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Taiwan Votes Against Marriage Equality in Referendum, but All Is Not Lost

While the voting result is a setback for Taiwan's progress on LGBTQ rights, there is still hope.

In May 2017, Taiwan's high court passed a resolution ruling that the country's ban on same-sex marriage is unconstitutional. The Taiwanese government was then given a two-year deadline to put marriage equality into law. However, the legislation stalled because authorities were on the fence about whether the legal recognition of same-sex unions should be entered through amendments to the Civil Code or through the introduction of new legislation. 

This deadlock, combined with a revision on the referendum law which gives more leeway for public referendums to be facilitated, gave Taiwan's conservative groups an opportunity to stall the legalization of same-sex unions by putting forth two questions regarding the issue for a public vote on Saturday, November 24.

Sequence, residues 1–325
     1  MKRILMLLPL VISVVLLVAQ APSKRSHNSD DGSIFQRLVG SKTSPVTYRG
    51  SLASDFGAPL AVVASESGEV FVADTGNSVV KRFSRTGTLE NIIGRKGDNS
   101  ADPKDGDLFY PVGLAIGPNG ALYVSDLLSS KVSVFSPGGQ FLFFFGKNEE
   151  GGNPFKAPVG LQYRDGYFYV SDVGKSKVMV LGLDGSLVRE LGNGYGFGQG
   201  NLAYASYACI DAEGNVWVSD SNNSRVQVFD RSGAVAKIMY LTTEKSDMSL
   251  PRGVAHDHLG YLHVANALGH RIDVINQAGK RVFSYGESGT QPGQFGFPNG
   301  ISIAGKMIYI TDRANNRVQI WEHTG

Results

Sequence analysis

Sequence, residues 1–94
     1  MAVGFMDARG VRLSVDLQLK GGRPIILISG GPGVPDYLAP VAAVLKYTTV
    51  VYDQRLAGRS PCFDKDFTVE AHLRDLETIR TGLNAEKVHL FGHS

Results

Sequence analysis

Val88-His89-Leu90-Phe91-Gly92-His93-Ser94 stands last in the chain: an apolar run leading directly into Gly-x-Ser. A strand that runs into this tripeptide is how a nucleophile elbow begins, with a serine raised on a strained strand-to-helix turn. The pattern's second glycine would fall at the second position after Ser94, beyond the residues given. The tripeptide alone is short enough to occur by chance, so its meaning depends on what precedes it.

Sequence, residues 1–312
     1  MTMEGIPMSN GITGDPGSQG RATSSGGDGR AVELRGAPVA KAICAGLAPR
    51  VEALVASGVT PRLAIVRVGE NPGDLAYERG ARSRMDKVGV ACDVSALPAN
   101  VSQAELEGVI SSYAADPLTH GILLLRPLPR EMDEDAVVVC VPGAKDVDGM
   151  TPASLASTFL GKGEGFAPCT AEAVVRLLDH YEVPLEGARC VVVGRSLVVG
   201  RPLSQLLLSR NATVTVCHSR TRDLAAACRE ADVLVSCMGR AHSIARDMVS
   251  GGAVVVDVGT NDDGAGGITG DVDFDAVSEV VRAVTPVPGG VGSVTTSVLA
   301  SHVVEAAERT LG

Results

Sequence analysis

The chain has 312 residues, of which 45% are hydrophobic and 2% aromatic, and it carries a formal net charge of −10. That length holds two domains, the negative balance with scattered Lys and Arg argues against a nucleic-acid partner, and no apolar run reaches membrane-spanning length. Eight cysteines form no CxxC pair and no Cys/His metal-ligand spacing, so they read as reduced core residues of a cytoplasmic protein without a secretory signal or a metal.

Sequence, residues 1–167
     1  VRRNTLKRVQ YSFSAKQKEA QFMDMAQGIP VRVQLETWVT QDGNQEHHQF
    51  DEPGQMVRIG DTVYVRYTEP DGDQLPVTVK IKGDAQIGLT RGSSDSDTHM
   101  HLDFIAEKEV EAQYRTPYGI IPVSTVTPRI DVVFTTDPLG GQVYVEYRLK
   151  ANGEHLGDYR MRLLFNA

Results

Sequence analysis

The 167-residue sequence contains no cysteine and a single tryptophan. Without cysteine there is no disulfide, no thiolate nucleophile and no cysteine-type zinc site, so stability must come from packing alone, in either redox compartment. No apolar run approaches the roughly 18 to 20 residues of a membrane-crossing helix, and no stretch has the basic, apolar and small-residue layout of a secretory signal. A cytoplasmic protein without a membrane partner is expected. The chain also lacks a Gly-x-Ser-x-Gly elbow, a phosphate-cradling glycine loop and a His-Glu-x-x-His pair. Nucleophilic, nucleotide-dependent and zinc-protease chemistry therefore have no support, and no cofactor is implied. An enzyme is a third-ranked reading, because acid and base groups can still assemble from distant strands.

The questions included, "Do you agree that marriage defined in the Civil Code should be restricted to the union between one man and one woman?" and "Do you agree to the protection of the rights of same-sex couples in co-habitation on a permanent basis in ways other than changing of the Civil Code?", both of which received enough votes to pass.

While this means that it will be challenging for same-sex marriage to be legalized through amendments to the Civil Code, it doesn't imply that achieving that through other legal means, such as coming up with new legislation, is impossible.

Taiwan News reports that spokeswoman for the Executive Yuan, a Taiwanese government branch, said new legislation to protect same-sex unions rights is being drafted to send to the legislative branch. It appears likely, according to the news source, that a new category of "civil union" will be introduced, as opposed to "marriage," to satisfy both the referendum results and the constitutional court order from 2017.

“The referendum is a general survey, it doesn’t have very strong legal implications," Shiau Hong-chi, a gender studies professor, told the Guardian. "One way or another it has to go back to the court."

[Photo via Quartz]


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